Faculty of Education, Social Sciences and Law

School of Law

Contact Details

Dr Sarah Brown

Associate Professor

I am a qualified solicitor and have worked in practice, and in industry, covering both commercial and private client work.

Having completed my PhD at Leeds in 2006, I took up my current post, and am the Taught Postgraduate Tutor, with responsibility for the postgraduates on our Taught postgraduate programmes.

I recently joined the editorial team for Goode Consumer Credit Law and Practice (LNUK),/p>

Research Interests

I am part of the project team of a European Commission contracted Study on Substantive Insolvency Law. The project team is also made up of colleagues Gerard McCormack, Andrew Keay and Judith Dahlgreen from the University of Leeds.

The team has now completed the Study which collected, evaluated and analysed insolvency law data provided by a team of national reporters in the 28 EU Member States. We identified areas where disparities in national laws produce problems that have impacts outside national boundaries: creating an environment that tries to avert business and personal economic failure but severely sanctions conduct that constitutes an abuse of the fundamental freedoms underpinning the EU legal order.

This study will enhance the knowledge base of the Commission and set the scene for possible future initiatives by the Commission in the field of insolvency law.

Teaching

At present, I teach on, and am the module leader for, Commercial Law at undergraduate level.

I also supervise dissertations both at undergraduate and postgraduate level in a range of subjects including Commercial Law, Banking and Financial Services Law, Land Law, Tort Law and Consumer Law.

PhD Supervision

I currently supervise dissertations in a range of Consumer protection issues including European perspectives, e-commerce and credit.

Key Publications

Journal articles

  • Brown S, ‘Consumer credit relationships - protection, self-interest/reliance and dilemmas in the fight against unfairness: The unfair credit relationship test and the underlying rationale of consumer credit law’, Legal Studies, 36.2 (2016), 230-257
    DOI: 10.1111/lest.12100, Repository URL: http://eprints.whiterose.ac.uk/88028/

    © 2016 The Society of Legal Scholars.The new UK regulatory structure for financial services is now firmly in place. This brings with it changes to the consumer credit regime, both in terms of regulation and supervision. The unfair credit relationship test is a sanction contained in the Consumer Credit Act 1974, and its future may well be subject to review as further reform to the UK regulation is actioned. This paper provides a fresh examination of the test's developing role in relation to protecting borrowers against unfairness and its application by the courts. The question is then posed as to whether evidence of underlying 'competing' ethics in both case-law and statutory policy suggests that the test will no longer be appropriate in the control of unfairness in relation to the credit consumer, when changes to the legislation and regulatory framework are concluded.

  • Brown SE, ‘EU and UK Consumer Credit Regulation: Principles, Conduct, and Consumer Protection: Divergence or Convergence of Approach?’, European Business Law Review, 26.4 (2015), 555-580
    Repository URL: http://eprints.whiterose.ac.uk/86775/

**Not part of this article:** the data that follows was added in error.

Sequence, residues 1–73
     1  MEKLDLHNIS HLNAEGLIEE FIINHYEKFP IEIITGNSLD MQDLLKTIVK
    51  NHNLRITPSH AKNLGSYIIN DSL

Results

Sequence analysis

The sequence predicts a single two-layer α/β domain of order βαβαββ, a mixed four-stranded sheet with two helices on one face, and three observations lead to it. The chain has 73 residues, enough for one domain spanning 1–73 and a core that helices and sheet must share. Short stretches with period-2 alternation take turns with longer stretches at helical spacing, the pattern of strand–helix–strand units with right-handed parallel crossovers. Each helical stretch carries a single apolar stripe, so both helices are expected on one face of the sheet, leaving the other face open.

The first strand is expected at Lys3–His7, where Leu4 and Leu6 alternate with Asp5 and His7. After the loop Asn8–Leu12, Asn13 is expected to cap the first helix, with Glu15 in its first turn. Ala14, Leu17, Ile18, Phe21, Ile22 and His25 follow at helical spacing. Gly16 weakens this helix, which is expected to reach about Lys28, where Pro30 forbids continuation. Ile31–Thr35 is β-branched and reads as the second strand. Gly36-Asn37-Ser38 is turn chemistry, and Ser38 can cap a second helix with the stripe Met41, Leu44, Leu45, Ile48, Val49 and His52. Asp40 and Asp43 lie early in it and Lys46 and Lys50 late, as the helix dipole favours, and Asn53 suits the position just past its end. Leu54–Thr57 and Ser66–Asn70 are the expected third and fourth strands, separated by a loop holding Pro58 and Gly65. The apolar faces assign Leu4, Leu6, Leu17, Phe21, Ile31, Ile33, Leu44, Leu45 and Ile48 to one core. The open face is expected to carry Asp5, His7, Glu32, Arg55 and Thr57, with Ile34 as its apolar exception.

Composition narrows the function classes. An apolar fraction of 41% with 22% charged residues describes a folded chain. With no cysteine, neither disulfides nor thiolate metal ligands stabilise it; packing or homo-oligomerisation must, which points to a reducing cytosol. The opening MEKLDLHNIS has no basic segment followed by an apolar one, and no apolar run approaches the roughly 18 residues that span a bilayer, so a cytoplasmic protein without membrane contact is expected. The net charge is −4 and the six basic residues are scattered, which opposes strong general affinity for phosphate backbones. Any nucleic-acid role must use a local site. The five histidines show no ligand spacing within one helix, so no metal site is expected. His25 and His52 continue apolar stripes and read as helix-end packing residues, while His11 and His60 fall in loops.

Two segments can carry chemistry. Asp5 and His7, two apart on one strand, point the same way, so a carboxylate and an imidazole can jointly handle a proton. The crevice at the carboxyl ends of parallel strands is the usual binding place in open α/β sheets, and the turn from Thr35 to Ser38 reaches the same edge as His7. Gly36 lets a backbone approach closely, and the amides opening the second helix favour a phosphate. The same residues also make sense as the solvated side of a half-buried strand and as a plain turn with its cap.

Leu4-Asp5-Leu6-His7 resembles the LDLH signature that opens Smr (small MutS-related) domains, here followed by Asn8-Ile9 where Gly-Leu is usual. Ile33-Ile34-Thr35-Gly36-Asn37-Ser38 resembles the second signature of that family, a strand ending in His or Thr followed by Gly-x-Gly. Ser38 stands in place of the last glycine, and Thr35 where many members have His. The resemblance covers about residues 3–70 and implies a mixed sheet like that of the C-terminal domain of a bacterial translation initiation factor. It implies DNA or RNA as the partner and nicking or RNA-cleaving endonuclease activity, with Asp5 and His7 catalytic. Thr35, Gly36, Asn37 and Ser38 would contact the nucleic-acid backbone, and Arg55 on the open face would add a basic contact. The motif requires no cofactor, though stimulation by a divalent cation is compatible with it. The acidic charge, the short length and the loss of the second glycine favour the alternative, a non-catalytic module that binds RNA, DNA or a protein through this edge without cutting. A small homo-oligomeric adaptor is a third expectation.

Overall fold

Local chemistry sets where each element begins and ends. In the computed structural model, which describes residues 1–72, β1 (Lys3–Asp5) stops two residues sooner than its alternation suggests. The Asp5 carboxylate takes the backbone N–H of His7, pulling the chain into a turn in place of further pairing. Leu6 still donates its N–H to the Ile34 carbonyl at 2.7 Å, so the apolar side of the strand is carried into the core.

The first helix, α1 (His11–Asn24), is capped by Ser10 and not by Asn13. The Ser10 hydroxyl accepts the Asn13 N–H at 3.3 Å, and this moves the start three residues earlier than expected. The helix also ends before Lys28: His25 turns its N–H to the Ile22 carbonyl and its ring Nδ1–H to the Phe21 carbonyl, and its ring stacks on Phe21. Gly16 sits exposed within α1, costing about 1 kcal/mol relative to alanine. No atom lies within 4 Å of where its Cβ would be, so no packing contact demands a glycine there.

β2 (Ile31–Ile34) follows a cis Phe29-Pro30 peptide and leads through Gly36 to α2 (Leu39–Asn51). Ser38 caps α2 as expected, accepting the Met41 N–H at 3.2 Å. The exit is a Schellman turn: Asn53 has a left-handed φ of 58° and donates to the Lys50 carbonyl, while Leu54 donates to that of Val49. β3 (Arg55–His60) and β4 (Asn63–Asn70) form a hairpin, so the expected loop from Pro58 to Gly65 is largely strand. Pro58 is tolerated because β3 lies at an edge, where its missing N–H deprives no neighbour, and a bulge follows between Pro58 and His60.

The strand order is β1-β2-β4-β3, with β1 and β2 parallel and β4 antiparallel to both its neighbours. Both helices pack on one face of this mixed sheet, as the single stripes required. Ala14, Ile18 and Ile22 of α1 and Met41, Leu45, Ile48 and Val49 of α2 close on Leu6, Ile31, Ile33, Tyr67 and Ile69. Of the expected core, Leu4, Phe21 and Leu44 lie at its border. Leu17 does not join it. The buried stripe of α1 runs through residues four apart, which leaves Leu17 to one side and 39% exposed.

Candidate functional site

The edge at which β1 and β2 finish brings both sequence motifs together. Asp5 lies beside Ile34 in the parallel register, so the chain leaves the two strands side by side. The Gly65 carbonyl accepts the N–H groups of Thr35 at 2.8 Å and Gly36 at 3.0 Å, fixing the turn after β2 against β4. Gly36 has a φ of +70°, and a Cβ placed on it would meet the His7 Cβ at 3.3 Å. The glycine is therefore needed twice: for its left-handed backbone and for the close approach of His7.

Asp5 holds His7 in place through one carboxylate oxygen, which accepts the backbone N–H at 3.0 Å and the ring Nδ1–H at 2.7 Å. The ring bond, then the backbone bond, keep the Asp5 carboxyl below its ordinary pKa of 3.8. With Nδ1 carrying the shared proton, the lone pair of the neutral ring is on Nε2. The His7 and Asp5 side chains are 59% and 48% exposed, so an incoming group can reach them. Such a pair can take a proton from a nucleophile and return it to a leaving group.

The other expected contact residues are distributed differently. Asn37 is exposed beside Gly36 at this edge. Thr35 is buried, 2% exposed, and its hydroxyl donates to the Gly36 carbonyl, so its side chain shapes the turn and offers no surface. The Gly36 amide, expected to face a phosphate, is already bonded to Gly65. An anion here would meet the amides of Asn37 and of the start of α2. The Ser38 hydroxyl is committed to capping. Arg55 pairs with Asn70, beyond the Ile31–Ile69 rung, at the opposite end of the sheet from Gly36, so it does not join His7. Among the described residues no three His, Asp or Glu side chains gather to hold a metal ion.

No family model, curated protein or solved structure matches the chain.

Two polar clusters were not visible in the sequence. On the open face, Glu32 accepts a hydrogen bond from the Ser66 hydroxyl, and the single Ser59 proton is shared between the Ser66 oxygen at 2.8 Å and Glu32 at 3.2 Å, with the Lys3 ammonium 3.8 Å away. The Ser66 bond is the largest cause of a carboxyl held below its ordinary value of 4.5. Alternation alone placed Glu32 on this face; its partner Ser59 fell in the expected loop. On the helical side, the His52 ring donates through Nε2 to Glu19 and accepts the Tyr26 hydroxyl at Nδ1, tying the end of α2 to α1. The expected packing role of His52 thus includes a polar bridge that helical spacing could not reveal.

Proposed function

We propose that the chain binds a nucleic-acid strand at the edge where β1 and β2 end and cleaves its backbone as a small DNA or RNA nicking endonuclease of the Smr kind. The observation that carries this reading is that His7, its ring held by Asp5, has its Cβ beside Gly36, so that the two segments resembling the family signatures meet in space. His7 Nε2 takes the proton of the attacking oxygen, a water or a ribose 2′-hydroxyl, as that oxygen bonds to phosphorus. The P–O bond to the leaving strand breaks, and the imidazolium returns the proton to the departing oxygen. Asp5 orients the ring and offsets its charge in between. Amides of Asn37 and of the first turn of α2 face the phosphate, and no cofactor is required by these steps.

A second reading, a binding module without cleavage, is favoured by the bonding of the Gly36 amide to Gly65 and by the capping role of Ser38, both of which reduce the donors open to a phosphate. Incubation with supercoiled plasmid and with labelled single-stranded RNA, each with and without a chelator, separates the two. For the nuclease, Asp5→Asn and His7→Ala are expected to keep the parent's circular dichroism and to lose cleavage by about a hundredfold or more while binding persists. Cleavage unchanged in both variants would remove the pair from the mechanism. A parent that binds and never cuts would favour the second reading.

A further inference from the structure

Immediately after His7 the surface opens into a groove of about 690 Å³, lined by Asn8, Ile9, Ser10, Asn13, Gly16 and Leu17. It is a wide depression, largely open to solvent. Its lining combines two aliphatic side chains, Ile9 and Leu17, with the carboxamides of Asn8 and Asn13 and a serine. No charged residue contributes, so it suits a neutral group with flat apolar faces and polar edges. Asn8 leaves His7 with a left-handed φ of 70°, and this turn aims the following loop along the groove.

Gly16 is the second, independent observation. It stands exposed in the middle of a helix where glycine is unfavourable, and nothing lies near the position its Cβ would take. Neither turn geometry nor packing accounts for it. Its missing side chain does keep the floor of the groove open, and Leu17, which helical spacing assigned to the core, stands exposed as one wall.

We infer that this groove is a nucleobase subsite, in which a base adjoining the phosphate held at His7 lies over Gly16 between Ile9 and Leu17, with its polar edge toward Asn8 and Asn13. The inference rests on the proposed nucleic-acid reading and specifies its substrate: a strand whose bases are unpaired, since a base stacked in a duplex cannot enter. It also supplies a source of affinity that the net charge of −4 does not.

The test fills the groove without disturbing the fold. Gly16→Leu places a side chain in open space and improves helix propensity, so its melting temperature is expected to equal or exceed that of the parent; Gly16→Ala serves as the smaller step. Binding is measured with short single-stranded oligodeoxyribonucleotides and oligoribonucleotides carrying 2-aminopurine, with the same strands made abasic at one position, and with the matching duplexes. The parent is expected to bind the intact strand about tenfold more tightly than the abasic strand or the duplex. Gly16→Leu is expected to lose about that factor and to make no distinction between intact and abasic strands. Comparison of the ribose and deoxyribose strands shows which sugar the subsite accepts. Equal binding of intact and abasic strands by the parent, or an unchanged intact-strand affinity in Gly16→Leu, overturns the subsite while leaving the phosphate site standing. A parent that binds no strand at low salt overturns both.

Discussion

The regulation of financial services is going through major reform both at European and national level. This article examines the specific case of consumer credit, the new mortgage credit directive, and how European reforms in relation to secured lending on residential property are exhibiting signs of change of direction in relation to the basis of regulation of consumer credit. Whilst at EU level, legislative control is still sector specific, there is an observable shift in the UK towards a single regime for financial services. An examination of the new directive is made, giving a comparison between this latest consumer credit initiative and concurrent reforms in the regulatory framework that are taking place in the UK. It examines the extent to which the EU and UK regulatory initiatives reflect similarity in approach, highlights potential difficulties, and considers whether overall this is a positive development for consumer protection.

  • Brown SE, ‘Protection of the Small Business as a Credit Consumer: Paying Lip Service to Protection of the Vulnerable or Providing a Real Service to the Struggling Entrepreneur?’, Common Law World Review, ed. by Clarke D and Stanton K, 41(2012).1 (2012), 59-96

  • Brown SE, ‘Using the Law as a Usury Law: Definitions of Usury and Recent Developments in the Regulation of Unfair Charges in Consumer Credit Contracts’, Journal of Business Law, 2011.1 (2011), 91-118

  • Brown SE, ‘The unfair relationship test, consumer credit transactions and the long arm of the law’, Lloyds Maritime and Commercial Law Quarterly, ed. by Rose PFD, 2009.1(Feb) (2009), 90-112

  • Brown SE, ‘The Consumer Credit Act 2006: Real Additional Mortgagor Protection?’, Conveyancer and Property Lawyer, 2007.Jul/Aug (2007), 316-339

Chapters

  • Brown SE, ‘European Regulation of consumer credit :enhancing consumer confidence and protection from a UK perspective’, in Consumer Credit, Debt and Investment in Europe, ed. by Kenny M and Devenney J (Cambridge: Cambridge University Press, 2012), 56-84

Others

  • Brown SE, Handbook of Research on International Consumer Law (Publication Review), in Journal of Business Law, (Sweet and Maxwell, 2012) 2012.7: 643-645.

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